Is there any Book/Book Series/Website which illustrate advanced mathematics but in concise and basic form. I just want to be familiar with the literature and I don't want a deep exploration of the topics. What I want is a near complete survey on different topics of math, What is important for me is the basic ideas and the connections between different parts of mathematics. For example if it talks about abstract algebra, then a quick survey of the concepts of group, ring,... and how these are connected to other topics...I just want to get a obscure grasp but pretty comprehensive topics.

BTW, I know there might not any reference but there might be a series of books. Or different book for different topics e.g. one of Geometric Algebra one for stochastic processing and so on. You know, I just want to get a good grasp of literature as a whole.

p.s. currently I'm interested in functional analysis, harmonic analysis, number thoery and operator theory.

  • $\begingroup$ This is a very broad question, but Wikipedia's article on mathematics (en.wikipedia.org/wiki/Mathematics) includes a surprisingly good survey. $\endgroup$
    – Mr. Chip
    Mar 7, 2013 at 13:28
  • $\begingroup$ Thanks Joshua, Yes, you're right and this is very broad. But I am not a math student and I also have some primary knowelege of undergraduate level. But I like to get a glimpse or vision of math. What is a ring? what operator theory primarily and fundamentally saying? what is the connection between geometric algebra and discrete geometry?! I just want a introductory level of information broadly (but in a quick way:( ). $\endgroup$
    – SddS
    Mar 7, 2013 at 13:39

2 Answers 2


Luckily for you, one such book was compiled fairly recently: The Princeton Companion to Mathematics.

The first part of the book contains an overview of modern pure mathematics which should allow you to hit the ground running. The third part contains a survey of 99 important mathematical concepts, and the fourth part contains longer surveys of 26 major branches of mathematics. There are copious cross references indicating how different branches and different concepts cross-pollinate.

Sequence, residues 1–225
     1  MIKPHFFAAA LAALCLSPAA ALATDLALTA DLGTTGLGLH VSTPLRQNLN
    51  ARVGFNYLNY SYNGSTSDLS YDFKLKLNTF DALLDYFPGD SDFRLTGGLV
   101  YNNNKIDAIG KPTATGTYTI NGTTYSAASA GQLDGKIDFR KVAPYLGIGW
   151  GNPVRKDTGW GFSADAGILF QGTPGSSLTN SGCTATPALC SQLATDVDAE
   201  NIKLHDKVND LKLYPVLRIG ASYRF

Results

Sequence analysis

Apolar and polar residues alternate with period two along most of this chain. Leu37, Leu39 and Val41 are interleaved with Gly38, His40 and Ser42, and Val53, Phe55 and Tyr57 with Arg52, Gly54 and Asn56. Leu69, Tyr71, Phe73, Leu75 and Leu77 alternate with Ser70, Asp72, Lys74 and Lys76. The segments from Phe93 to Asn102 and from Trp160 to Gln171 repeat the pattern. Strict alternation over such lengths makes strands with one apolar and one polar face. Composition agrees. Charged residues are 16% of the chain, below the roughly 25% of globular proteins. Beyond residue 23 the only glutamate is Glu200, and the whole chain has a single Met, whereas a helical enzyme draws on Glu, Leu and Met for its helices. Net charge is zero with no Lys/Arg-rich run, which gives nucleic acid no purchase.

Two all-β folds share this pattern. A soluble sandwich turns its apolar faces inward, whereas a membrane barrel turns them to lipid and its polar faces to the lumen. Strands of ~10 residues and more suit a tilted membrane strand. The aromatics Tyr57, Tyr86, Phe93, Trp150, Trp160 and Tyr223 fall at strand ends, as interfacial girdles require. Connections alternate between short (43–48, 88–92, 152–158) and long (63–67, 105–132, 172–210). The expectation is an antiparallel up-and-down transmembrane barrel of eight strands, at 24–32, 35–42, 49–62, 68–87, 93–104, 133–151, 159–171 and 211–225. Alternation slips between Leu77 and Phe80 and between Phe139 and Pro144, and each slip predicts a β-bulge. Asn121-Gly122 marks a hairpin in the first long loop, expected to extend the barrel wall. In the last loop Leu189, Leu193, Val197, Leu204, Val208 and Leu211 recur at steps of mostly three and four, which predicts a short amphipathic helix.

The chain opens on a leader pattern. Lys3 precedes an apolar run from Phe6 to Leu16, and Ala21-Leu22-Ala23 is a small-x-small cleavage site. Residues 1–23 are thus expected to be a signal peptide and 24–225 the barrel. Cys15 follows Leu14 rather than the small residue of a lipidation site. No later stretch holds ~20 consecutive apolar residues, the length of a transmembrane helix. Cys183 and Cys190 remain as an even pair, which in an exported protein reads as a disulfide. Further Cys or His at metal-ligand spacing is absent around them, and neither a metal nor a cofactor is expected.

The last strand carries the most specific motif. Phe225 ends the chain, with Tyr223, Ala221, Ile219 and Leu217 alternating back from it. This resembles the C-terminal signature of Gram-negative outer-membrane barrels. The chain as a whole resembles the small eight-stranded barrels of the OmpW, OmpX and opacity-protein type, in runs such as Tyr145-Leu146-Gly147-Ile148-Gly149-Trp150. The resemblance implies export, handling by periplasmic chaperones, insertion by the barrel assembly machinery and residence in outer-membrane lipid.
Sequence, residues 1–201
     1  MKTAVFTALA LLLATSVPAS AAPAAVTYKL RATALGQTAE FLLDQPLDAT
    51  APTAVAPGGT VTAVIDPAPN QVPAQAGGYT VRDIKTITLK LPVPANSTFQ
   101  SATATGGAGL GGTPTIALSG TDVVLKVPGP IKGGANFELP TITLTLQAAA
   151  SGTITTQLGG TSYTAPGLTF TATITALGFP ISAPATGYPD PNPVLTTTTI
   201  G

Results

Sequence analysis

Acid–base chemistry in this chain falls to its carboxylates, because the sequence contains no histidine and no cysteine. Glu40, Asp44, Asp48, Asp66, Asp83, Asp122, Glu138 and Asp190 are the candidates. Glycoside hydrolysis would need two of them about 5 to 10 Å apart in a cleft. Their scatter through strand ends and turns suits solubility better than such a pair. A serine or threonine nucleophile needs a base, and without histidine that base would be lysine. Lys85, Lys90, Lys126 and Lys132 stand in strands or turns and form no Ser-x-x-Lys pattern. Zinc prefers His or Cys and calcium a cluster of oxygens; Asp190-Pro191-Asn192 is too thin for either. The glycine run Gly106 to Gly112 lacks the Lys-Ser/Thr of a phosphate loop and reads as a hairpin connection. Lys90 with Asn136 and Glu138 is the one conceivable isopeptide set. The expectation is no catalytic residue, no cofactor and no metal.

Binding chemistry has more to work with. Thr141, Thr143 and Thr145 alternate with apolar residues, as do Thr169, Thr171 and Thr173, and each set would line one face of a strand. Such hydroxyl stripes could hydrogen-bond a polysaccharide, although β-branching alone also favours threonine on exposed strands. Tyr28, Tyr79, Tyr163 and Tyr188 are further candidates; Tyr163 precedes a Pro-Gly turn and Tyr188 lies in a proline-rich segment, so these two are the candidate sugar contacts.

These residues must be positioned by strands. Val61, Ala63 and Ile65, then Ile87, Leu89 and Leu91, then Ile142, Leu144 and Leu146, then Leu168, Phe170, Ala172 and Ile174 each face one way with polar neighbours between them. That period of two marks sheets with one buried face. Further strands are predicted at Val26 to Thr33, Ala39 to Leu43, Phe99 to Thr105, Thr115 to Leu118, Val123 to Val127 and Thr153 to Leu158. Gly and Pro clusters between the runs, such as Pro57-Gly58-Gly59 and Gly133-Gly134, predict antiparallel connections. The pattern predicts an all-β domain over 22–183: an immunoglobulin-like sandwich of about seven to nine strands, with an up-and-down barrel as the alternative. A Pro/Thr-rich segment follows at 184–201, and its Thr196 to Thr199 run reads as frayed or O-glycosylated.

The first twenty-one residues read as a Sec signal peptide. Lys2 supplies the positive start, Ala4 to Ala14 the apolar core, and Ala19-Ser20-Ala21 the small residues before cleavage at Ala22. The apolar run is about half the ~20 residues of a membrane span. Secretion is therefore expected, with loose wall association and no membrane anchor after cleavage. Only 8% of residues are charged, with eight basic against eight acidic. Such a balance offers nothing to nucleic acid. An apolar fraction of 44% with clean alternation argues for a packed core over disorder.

You can see the table of contents here yourself.

Added later: actually, a second such book has also been compiled: The Princeton Companion to Applied Mathematics. It's of a similar layout to the "pure" Companion but covers very different topics. Some more information on the book, including a pdf of the table of contents, is provided at the linked webpage.

  • $\begingroup$ Thank you Willie for your great suggestion. $\endgroup$
    – SddS
    Mar 19, 2013 at 17:47
  • $\begingroup$ It might also be worth explicitly mentioning The (less well-known?) Princeton Companion to Applied Mathematics. $\endgroup$
    – Will R
    Apr 28, 2016 at 12:46
  • $\begingroup$ @WillR: I agree it should be mentioned. I didn't mention it before because it was published after my answer was written. Feel free to edit it into the answer! $\endgroup$ Apr 28, 2016 at 13:04

OK, I do a search and sth found (mostly as Joshua said from available from Wikipedia reference part).

Encyclopedia of Mathematics This is good website but search based and a bit far from what i wanted but quite handy. I don't know how much it is comprehensive in the matter of subjects and how much efficient in showing the relation,...

HyperMath Far from what I needed, it's quite basic and incomplete.

FreeScience This is collection of free resources. Nothing more!

The Math ATLAS Pretty close to what I need but seems incomplete and obsolete. The good thing about this website is it has classified the literature pretty close to what I need. The best classification approach. It also cite some text and references for each topic which is cool. but I need a book/website with discussing the topics (pretty concise), make a relation with other topics and a bit uptodate.

Online Mathematics Textbooks this also provides some free books on different subjects.

Tricki Tries to collect different problem solving approaches! It also have concise desecration of each topic. pretty incomplete.... How much successful? I don't know. (here is the site's map)

PlanetMath To me not a good choice...I didn't like its topic classification approach either (here)

Math Structure a comprehensive list of mathematical structures. Beautiful idea! (Abstract Algebra)

Wolfram Pretty basic and totally fragmented.


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